Steve Sarkisian lost coaching balance in Texas football loss to OU
- Texas led 38-20 at halftime.
- The 18-point halftime lead was the largest since a 24-6 lead in 2005.
DALLAS – All the gas and the heartache.
Steve Sarkisan learned a valuable lesson on Saturday from his first Texas-Oklahoma experience. Timing is everything and Sark lost his coaching balance in the second half against the schedule that sits between Texas and a return to national relevance.
The 55-48 loss to Oklahoma was quite a stab in the hulls because the Horns did so many good things early on.
It was a true classic for college football purists, but Longhorn Nation will look at the rest of this season through the prism of grief, disappointment and real anger if their team doesn’t get back from this soul-taker.
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Texas let Oklahoma get away with it, outright.
The first quarter looked like a Mike Tyson fight from the 1980s. You old heads remember when a 20-year-old Iron Mike dispensed grown men in record time. First-round knockouts became the norm and the question was never whether Tyson would register the knockout, just when.
Well, this time referee Richard Steele wasn’t there to count the Sooners after No.23 Texas scored 14 points in the opening 113 seconds. OU stood up from the canvas and showed true heavyweight punching power when it mattered most.
“We knew that even though we came a long way, we knew they weren’t going to back down,” said Texas wide receiver Joshua Moore. “We know they wanted to beat us as much as we wanted to beat them.”
Texas ’38-20 lead at intermission was the Longhorns’ biggest third-quarter lead since the 2005 National Championship team led 24-6 en route to a 45-12 victory, but the final 20 seconds of halftime meant possible problems on the horizon. . Sark, who has preached “All Gas No Brakes” since arriving from Alabama, took his foot off the pedal after Casey Thompson connected with Worthy for 39 yards against Oklahoma’s 32.
With two timeouts in his pocket, he settled for the basket when he could have moved forward and shot into the end zone against a secondary that Thompson had shredded.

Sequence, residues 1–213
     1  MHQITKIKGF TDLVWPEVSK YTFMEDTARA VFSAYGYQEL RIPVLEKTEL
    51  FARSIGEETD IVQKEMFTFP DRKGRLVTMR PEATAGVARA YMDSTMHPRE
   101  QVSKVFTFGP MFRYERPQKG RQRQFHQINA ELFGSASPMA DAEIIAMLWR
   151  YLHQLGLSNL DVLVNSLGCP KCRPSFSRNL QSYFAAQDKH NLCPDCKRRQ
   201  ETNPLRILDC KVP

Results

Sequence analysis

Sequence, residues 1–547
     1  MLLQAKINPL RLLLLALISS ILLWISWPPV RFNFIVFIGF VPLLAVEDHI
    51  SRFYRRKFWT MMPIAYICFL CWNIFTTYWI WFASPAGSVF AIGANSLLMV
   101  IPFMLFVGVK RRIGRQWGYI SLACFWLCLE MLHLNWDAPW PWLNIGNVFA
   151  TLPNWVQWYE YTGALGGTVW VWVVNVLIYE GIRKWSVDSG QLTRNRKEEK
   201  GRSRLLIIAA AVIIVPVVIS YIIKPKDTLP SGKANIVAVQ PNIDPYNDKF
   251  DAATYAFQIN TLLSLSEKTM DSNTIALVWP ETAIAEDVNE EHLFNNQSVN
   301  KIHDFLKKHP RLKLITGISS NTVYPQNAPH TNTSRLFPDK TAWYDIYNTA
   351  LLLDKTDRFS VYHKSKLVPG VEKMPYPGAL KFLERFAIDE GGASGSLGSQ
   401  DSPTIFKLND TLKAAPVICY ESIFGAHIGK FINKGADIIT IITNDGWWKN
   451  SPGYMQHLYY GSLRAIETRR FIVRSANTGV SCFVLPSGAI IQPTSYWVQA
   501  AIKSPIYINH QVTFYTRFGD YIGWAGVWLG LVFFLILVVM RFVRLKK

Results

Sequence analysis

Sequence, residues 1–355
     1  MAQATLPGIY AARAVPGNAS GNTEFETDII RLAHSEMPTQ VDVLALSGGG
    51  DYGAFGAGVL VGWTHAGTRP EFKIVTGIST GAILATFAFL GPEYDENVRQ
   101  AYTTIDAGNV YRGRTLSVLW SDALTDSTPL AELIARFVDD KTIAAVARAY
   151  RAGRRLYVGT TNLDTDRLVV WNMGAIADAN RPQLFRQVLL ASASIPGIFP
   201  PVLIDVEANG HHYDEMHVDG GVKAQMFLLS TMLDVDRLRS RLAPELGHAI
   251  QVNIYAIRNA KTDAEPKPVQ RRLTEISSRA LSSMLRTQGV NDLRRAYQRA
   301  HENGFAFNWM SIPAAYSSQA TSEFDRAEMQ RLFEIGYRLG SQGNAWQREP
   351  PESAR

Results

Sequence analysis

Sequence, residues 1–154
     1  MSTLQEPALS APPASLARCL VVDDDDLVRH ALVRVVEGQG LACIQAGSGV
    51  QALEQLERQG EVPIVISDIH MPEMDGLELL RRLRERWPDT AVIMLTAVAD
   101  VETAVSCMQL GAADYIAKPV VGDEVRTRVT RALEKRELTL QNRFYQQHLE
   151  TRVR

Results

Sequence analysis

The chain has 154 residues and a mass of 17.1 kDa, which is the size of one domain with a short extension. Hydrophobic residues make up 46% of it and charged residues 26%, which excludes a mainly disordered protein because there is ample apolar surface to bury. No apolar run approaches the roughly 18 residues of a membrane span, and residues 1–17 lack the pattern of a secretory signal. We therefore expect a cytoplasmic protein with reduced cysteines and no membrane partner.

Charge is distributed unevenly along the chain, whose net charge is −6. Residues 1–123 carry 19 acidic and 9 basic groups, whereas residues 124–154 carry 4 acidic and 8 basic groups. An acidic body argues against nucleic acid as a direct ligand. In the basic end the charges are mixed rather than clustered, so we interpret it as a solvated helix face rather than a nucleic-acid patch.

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You don’t need me to tell you that Texas is a few eons away from its 2005 level, but in the days and weeks to come, Sarkisian, who criticized the media on Monday for continuing to ask questions about the loss to Arkansas, will have to answer for the inability of his team to put away the Sooners.
He got stuck in fifth gear when he could have benefited from passing the ball to the best running back in the country with an 18-point lead. Bijan Robinson was reduced to an afterthought a week after Sarkisian hit him 35 times in the TCU defense for 216 yards. He carried the ball 11 times for 102 yards in the first half, but Sarkisian decided to air it in the last two quarters. Of course, Thompson played wonderfully, but Robinson getting just nine carries for 35 yards in the deciding half just can’t happen.
On the other side, give Oklahoma’s Lincoln Riley credit for having the courage to shoot an ineffective Spencer Rattler. Caleb Williams’ relief performances reduced Thompson’s performance from 388 yards and five touchdowns to bridesmaid status and reaffirmed the quickly fading belief that the Sooners were there for the taking. Riley also patiently stuck with the running game in the third quarter when the clock was working against his team.
Texas’ pass rush was appalling in the second half and the Sooners, to their credit, had some wonderful off-schedule plays. The defense wore down and there was no takeout against the less experienced but more elusive Williams, and no tackle from the rugged running back Kennedy Brooks, who slashed them for 217 yards, one more than Robinson. scored against TCU last week.
Kudos must go to the indomitable spirit of Thompson, who put on a big show with the freshman Xavier Worthy gap showing real star potential despite a huge fumble that saw the Sooners take the lead after stupidly returning a five meter deep kickoff in the end zone.
The fact that he was there instead of the more experienced Roschon Johnson was on the coaching staff. Worthy is a playmaker, but it was a case of trust outweighing caution.
“We have to give these guys credit,” Thompson said. “They made games when it mattered.”
For it to go away so overwhelming… it’s something the Horns will have to deal with with more football to play.
“We live for times like this,” Thompson said. “It’s college football on the biggest stage.”
There will be other times and maybe Texas will finish next time.
The word hope is dangerous because sometimes good things don’t come easily. It was a real chance to take a step forward as a program, but the Horns blinked against a battle-proven team that showed no panic when they were against the ropes early on.
Ultimately, the Horns have a quarterback who has shown he can deliver in big moments and a running back who is already NFL ready in sophomore, but Sark and Kyle Flood have work to do. with a bad offensive line and a defense that gave up to 339 yards on the ground.
The head coach will have to be better. He was spotted at 14 points and couldn’t hold back. Sarkisian has been on the sidelines of the championship, but never as a head coach. This is an excellent test at the start of his tenure in Texas. The injury he talked about after the game cannot follow them into the next two games against Oklahoma State and Baylor.
They should bounce back, but Saturday was a good indicator of the work that remains to be done.
“Our courage will be tested,” Sarkissian said. “My state of mind is that I wish I had another chance with these guys in December. “
They’re good enough to make it happen, but the post-OU depression can’t last more than a few days, or there won’t be any rematch for the Big 12 title.